Now, think about your financial brand, how you position yourselves, how you go to market, how you communicate. Are you promoting the same great rates, amazing service and commoditized laundry list of lookalike features? Are you doing R&D? And this is not research and development, it's ripping off and duplicating what other financial brands are doing. Or are you committing and doubling down on a purpose that is unique to you, your financial brand, and really the people in the communities that you serve?
So let's get back to the TOMS story. In 2015, Blake had stepped away as CEO, but he stayed on to help drive the company's purpose. He had acknowledged that the story of TOMS and their purpose were so tightly aligned, that when he was reflecting on this with fast company, one of the key insights he shared is this. And I quote, he said, "I realized the importance of having a story today is what really separates company. People just don't wear our shoes. People tell our story."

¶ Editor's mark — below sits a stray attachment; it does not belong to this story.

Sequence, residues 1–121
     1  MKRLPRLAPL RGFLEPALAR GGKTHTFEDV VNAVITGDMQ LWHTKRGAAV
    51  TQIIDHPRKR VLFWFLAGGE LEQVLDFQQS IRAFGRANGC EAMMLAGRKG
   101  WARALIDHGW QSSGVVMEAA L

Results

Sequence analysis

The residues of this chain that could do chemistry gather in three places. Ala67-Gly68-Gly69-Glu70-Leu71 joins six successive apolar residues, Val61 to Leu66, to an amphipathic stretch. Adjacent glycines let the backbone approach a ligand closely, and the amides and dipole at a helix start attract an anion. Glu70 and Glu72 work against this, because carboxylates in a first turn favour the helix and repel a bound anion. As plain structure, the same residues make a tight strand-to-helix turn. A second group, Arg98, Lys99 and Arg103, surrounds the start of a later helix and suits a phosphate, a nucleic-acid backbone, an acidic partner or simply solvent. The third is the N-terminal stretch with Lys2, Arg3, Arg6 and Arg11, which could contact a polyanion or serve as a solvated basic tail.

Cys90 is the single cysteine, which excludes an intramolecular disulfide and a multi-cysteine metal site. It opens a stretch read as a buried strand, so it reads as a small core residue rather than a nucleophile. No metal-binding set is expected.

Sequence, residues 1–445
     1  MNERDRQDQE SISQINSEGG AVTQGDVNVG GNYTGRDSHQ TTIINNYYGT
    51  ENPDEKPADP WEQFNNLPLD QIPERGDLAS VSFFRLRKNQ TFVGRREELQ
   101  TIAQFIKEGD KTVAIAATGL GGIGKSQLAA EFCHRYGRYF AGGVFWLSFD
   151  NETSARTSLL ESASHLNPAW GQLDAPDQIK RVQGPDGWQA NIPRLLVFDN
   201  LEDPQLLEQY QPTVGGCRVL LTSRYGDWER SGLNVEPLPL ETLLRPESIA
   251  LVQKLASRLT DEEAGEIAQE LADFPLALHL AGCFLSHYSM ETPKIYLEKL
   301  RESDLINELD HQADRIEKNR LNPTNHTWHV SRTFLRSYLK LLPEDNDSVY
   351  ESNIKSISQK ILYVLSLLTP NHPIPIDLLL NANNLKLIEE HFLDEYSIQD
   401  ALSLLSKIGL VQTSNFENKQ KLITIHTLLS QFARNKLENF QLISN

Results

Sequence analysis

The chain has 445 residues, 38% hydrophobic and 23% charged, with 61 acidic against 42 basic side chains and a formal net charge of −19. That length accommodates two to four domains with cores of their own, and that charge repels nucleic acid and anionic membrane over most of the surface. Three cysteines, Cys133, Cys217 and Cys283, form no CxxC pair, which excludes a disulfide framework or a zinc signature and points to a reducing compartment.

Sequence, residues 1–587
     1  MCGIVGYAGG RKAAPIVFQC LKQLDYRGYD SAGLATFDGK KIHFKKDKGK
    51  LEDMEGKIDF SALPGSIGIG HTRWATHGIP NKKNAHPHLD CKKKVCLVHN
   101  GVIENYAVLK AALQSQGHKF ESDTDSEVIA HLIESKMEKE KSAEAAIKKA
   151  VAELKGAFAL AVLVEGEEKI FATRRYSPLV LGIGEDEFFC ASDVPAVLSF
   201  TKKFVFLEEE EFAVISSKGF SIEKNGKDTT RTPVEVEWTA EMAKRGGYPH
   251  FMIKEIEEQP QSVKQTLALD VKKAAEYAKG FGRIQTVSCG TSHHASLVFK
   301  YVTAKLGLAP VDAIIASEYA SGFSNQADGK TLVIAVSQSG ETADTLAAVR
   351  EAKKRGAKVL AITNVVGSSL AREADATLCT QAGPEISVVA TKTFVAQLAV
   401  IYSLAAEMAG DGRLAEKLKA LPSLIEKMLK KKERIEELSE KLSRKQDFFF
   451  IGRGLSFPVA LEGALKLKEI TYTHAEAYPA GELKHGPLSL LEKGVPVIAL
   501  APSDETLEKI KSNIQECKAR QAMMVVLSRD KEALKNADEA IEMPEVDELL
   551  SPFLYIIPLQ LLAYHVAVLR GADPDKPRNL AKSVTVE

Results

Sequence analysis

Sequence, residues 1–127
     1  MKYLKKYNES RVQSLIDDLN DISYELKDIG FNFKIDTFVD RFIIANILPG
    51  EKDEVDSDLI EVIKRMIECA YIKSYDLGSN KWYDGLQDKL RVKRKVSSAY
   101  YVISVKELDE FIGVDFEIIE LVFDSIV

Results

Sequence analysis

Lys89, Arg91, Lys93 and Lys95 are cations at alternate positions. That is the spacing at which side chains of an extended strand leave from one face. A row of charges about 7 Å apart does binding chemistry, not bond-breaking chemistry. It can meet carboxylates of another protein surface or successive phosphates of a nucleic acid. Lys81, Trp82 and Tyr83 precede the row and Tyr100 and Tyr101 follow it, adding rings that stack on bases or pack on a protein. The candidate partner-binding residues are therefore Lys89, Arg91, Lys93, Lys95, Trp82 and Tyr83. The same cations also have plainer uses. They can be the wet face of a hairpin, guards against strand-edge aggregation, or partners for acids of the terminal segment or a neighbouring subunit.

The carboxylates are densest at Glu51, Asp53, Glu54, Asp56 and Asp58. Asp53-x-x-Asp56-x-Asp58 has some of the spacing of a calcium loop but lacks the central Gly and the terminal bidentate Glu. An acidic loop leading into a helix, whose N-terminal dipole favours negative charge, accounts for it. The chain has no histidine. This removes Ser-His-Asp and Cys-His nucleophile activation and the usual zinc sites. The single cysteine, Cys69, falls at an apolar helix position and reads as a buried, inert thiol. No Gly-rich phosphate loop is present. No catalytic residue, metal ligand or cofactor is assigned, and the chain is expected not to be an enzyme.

And when we think about that, think about your financial brand again, for a moment. Are people just banking with you? Do they just have a checking account with you, a loan with you, their mortgage with you? Or are people believing in your purpose and telling your story to their friends and family?
After Blake had stepped down in 2015 as CEO, TOMS brought in a new CEO who was Jim Alling. Jim came from Starbucks and T-Mobile. And Jim was talking through the next steps of TOMS and where they were going to go, moving away from promoting and pushing product, but getting back to evolving and growing the spirit of its original purpose of improving lives.